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Post by Short Round » Sun Nov 27, 2011 9:42 am

OK, I did order from Don and Lynn.

I got the boker 5/8 with brown Micarta scales and a basic latigo strop and some chromium oxide paste.

Hope that covers me for awhile.

Not sure whether to call it a belated birthday gift to self or an early Christmas gift to self. :oops:
Tom

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Post by brothers » Sun Nov 27, 2011 11:37 am

Tom, that sounds like an excellent beginning. You're on the right track, for sure.
Gary

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Post by Squire » Sun Nov 27, 2011 12:10 pm

Should serve you well Tom, let us know how it works out.
Regards,
Squire

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Post by Short Round » Mon Nov 28, 2011 1:34 pm

I hope so, I'll keep you advised how it works out. I got an email that they've already shipped. Can't beat that with a stick.

I opted for a "good" one as I might not develop SRAD.

I even stopped on the DE razors, I'm pretty darn happy with my Ikon classic and use the vintage Slim Adjustable when I feel like a changeup.

Thanks for your counsel and of course your patience.
Tom

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Post by Obie » Mon Nov 28, 2011 1:43 pm

Hello Short Round,

The new Bokers are good, but to some gentlemen not quite as good as the vintage ones. So yes, that is a fine choice, especially if it comes shave-ready. One thing you might consider is this: the micarta scales will feel a little bulky. You might, however, like that, so no problem. The razor comes in different scales, as well.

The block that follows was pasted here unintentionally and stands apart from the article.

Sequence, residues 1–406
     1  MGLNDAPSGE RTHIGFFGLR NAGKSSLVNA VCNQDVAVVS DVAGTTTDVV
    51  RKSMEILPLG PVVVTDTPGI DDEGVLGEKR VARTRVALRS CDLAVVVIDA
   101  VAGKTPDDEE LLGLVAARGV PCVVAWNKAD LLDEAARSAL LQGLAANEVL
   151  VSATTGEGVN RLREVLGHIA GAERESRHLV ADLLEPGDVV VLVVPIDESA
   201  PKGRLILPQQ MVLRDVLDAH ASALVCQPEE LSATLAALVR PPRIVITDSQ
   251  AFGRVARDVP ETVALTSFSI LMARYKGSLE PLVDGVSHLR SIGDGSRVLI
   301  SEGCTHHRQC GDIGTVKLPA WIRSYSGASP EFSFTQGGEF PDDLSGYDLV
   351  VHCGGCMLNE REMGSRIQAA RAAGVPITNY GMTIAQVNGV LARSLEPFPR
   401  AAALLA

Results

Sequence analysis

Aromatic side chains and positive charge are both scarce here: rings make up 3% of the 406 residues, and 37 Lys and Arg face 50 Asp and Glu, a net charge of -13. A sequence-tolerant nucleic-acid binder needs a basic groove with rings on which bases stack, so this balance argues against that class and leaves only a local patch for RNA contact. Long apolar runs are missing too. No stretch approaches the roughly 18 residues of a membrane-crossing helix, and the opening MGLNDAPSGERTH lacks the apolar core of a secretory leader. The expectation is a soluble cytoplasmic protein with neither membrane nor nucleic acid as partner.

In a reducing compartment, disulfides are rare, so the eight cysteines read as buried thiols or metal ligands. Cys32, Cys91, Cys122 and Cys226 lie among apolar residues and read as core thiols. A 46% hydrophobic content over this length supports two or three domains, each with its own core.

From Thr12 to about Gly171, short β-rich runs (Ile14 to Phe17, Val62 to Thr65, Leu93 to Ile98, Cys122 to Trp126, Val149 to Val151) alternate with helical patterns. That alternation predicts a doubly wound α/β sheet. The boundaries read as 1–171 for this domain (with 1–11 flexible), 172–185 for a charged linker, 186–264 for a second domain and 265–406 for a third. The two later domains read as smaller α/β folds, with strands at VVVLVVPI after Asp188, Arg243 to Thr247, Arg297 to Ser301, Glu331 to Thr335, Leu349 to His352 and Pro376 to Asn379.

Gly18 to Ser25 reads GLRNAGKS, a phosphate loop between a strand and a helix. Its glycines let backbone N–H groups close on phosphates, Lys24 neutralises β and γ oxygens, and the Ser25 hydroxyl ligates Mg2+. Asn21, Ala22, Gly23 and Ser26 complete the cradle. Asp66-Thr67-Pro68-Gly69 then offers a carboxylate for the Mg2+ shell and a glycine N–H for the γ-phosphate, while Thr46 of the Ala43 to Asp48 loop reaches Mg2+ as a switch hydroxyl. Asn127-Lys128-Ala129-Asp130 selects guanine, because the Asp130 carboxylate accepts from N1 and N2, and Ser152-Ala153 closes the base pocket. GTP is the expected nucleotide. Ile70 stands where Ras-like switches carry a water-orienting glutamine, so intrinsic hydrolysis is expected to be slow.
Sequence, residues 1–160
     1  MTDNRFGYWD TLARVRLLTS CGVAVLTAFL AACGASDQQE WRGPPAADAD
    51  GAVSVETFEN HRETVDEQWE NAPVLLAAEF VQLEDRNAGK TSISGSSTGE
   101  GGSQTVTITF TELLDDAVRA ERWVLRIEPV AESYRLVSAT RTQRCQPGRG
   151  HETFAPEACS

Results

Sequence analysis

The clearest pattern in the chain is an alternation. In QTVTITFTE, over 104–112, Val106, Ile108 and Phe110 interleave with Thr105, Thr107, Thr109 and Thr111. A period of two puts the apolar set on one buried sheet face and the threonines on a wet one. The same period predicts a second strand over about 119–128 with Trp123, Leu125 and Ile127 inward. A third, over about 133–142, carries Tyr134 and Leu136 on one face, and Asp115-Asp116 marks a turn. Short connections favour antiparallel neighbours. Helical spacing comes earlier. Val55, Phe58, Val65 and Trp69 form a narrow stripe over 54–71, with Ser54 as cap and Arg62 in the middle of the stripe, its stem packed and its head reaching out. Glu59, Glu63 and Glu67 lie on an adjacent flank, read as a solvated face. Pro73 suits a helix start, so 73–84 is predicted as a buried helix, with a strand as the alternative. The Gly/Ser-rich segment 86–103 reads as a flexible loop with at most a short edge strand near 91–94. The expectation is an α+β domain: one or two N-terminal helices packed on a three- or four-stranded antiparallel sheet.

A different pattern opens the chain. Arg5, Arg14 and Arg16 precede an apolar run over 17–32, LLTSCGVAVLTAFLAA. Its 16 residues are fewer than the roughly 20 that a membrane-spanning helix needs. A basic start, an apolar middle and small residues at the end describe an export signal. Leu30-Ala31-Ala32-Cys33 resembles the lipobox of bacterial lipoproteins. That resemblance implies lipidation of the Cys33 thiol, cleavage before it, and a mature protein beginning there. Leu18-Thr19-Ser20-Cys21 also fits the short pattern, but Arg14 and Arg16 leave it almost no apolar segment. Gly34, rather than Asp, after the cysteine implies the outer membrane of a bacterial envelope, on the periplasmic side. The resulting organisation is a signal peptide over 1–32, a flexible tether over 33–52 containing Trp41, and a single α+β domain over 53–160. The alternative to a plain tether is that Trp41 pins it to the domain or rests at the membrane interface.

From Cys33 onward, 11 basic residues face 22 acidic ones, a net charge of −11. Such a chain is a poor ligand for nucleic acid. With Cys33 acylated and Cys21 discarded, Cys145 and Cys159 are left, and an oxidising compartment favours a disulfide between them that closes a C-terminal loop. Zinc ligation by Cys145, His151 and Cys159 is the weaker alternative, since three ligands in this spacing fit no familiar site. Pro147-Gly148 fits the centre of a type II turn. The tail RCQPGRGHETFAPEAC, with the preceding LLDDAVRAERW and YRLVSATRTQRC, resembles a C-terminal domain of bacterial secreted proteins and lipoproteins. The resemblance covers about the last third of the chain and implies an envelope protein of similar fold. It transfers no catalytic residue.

The Dovo "Best Quality," which is the meat-and-potato razor is excellent for the money, especially if it comes shave-ready. Also, the Dovo tortoise shell is a good quality razor for the money. The Dovo "Pearlex" is also in many a shave den racks.

Finally, as some gentlemen have suggested, the classified section in various forums usually have a big collection of vintage razors reasonably priced.

Stay well.
Obie Yadgar
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Post by jww » Tue Nov 29, 2011 4:26 pm

I lucked out on a FW Enger Special for a very reasonable price at an antique shop in Bethlehem New Hampshire a month ago. I have yet to clean it up but am looking forward to giving it to the good Dr for honing.
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Post by Short Round » Fri Dec 02, 2011 8:03 am

Well my first straight razor shave is done.

I probably did too many passes for a newb and I'm a little raw on the chin.

yesterday I picked up my package from the post office and of course by the end of the day my dexterous hand went all wonky and was swelling so bad I took a few Rx pills. Oh great I thought, new extremely sharp instrument that I want to use and my hand hurts so bad I couldn't peel a potato.

After showering this mornings shave was a lather with Spieck cream. I felt awkward with the razor especially the left side. (I watched the Abrams videos last night)

I did a WTG, some XTG, and ATG on my neck. Couldn't really figure out how to do XTG on the neck to well. Well some was XTG as my neck switches direction all over the place. :wink:

Thinks I learned; don't go so slow that your lather begins drying and secondly, I need to run a smoother stroke. I got a bit unsteady/bouncy at times.

Overall I did a decent shave, no major blood loss, a couple tiny nicks and a weeper on the chin.

Thanks gang for all your advice and support.

Tom
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Post by brothers » Sat Dec 03, 2011 6:34 am

Tom, it sounds like it's going to work for you. Congratulations.
Gary

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Post by Squire » Sat Dec 03, 2011 8:10 am

Tom I would still go slow and if the lather gives out rinse it off and lather again.
Regards,
Squire